Reporting Holly Wagner
OAK PARK HEIGHTS, Minn. (WCCO) – A Twin Cities community is searching for solutions to a growing and disturbing problem – the sex trafficking of young girls.
Faith leaders, law enforcement and survivors attended a community meeting in Oak Park Heights Saturday.
Earlier this month, the FBI ranked Minnesota 13th in the nation for sex trafficking.
Pastor Bill Hieb of Riverside Church in Somerset, Wis. led the conversation at Boutwells Landing Senior Living Center in Oak Park Heights.
Sgt. Grant Snyder, an investigator for Minneapolis Police Juvenile Trafficking Unit, gave the group an inside look at some of their recent cases.
One of them involves a 56-year-old undocumented immigrant from Mexico named Bernard, who is a level 3 predatory offender.
Snyder says Bernard, whose nickname is “Little Man,” ran a sex trafficking operation out of a converted porch in a home in Minneapolis.
He says Bernard locked up the young girls and held them captive in an 8-foot by 7-foot room, and made them follow a list of rules.
“Girls have to stay 45 minutes, you can’t use a condom, you have to take a shower, you won’t get paid until you’re done,” Snyder said.
Investigators rescued a 15 year-old girl out of that room when they made the bust.
Sgt. Snyder says there are many more out there. He says young girls are lured into sex trafficking through their peers, and some are runaways targeted by pimps.
“These predators, they’re lurking out there. They’re waiting for that next child. They’re waiting for that next victim to hit the streets, whether it’s Minneapolis, whether it’s St. Paul, whether it’s Duluth, whether it’s Stillwater. They are waiting to find their next victim,” Snyder said.
In Heidi Carlson’s case, she was lured into the sex trafficking world at the age of 20 as a promising college student.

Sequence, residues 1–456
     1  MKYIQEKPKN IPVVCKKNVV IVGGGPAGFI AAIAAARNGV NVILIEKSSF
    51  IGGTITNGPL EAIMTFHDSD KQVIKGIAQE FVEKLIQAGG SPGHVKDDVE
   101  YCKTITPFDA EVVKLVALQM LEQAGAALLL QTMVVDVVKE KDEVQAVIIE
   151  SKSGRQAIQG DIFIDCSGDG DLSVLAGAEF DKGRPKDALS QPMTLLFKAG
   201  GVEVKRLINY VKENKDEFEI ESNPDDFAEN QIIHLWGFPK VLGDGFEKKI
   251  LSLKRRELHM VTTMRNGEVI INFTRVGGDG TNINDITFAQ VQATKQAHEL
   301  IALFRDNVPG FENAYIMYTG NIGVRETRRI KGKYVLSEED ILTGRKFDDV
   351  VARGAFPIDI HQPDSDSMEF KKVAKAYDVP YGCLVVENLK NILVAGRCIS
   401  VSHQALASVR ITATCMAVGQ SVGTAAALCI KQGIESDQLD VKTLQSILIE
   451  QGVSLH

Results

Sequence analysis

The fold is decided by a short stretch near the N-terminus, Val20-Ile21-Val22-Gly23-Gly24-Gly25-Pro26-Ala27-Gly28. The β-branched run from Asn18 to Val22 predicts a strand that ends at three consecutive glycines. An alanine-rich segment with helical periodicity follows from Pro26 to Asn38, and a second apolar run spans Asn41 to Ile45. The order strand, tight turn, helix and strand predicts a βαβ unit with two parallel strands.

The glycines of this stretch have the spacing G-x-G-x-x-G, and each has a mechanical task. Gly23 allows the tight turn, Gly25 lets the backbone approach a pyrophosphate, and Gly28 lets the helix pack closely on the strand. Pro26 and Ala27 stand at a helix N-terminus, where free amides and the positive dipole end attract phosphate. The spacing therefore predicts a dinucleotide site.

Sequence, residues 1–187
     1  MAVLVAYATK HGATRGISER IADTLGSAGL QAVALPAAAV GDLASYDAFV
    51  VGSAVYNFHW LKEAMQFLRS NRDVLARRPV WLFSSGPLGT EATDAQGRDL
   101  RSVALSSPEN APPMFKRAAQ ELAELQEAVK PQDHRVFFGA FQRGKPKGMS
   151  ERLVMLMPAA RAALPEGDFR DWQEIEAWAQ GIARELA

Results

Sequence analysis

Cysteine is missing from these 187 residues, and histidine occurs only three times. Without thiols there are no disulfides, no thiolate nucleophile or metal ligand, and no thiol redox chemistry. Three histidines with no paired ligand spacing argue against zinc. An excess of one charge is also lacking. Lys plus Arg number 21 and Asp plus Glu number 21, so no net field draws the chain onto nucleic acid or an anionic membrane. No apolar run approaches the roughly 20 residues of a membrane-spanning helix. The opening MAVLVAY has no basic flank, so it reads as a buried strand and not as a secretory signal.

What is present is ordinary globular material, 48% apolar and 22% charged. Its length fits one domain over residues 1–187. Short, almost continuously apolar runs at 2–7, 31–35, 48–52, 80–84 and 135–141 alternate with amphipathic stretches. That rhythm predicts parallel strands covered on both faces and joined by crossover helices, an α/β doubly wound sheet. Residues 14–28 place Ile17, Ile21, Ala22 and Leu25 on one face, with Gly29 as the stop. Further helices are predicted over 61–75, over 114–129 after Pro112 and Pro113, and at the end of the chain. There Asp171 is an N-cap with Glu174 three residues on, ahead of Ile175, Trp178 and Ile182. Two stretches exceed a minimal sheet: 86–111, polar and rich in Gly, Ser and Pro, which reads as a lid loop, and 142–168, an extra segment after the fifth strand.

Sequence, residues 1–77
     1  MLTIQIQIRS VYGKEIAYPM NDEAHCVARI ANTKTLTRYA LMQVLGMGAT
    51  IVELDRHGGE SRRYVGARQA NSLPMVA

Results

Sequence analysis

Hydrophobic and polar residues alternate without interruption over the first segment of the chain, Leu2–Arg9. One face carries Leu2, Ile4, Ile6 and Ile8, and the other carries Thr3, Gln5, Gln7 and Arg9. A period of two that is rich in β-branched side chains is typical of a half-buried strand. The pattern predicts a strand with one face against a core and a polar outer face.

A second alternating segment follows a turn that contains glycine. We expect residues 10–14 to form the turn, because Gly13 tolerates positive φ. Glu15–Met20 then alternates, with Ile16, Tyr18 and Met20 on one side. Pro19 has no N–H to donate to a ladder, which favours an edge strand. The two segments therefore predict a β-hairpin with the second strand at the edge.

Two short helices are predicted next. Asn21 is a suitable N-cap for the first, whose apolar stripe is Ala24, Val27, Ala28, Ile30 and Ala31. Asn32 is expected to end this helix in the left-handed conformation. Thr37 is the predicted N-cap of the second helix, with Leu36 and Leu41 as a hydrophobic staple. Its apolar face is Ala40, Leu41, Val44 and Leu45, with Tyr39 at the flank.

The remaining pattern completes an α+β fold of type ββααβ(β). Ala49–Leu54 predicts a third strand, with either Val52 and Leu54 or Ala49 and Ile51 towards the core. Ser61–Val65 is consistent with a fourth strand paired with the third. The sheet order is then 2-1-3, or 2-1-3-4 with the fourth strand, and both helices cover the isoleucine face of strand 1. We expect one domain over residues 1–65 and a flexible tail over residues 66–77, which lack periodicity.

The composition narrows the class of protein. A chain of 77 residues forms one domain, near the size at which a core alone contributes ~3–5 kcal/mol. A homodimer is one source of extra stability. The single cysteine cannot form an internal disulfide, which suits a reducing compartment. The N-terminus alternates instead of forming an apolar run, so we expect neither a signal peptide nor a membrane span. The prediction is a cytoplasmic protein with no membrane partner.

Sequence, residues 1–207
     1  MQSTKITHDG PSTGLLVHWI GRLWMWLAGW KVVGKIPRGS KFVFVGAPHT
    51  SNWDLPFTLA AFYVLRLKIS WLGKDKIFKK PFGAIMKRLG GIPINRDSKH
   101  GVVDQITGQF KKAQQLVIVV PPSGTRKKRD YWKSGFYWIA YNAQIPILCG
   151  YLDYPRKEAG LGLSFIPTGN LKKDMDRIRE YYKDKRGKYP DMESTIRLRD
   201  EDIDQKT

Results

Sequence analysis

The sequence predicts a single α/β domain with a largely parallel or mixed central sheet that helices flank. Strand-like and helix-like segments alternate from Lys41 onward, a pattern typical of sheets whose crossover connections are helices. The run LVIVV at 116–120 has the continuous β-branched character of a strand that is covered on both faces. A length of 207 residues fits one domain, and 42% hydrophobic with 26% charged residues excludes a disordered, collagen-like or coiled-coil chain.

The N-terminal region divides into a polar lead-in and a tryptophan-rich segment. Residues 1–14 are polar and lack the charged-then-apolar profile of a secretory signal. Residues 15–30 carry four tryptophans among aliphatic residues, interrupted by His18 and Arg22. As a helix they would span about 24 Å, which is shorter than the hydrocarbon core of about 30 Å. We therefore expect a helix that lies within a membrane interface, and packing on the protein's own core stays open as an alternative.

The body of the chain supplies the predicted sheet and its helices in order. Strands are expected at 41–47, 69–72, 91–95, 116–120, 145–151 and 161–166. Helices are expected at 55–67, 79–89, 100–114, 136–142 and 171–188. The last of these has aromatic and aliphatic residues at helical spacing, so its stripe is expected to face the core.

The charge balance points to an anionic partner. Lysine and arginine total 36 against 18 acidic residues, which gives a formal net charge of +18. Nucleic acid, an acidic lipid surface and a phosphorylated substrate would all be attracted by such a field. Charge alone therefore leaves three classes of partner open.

“Actually can’t even count how many times we’ve been beaten or raped,” Carlson said.
Carlson won’t call herself a survivor, but says she’s a “thriver.” She now works for the Domestic Abuse Project counseling abusive men.
Part of her message to the group of concerned community members is victims of the sex industry have different stories and come from different places.
She says she was a small town girl from a good family Pine City.
“What it shows is that nobody is immune,” she said.
Carlson and Snyder hope that people who attended the meeting left with a better understanding of how human sex trafficking is impacting their community.
“Law enforcement can’t fix this, the faith community can’t fix this, advocates can’t fix this,” Snyder said. “A community can fix this. That’s what it requires.”
He urges people to be more aware. He gave the example of a recent case where a sex trafficking operation had been going on for several years in one Minneapolis neighborhood.
When police made the bust, neighbors told officers they had noticed young girls coming and going, and could even describe them – but no one called police.
Snyder also says parents should talk to their children about sex trafficking, and specifically about internet sites like Backpages.com, which has been linked to the trafficking of young girls.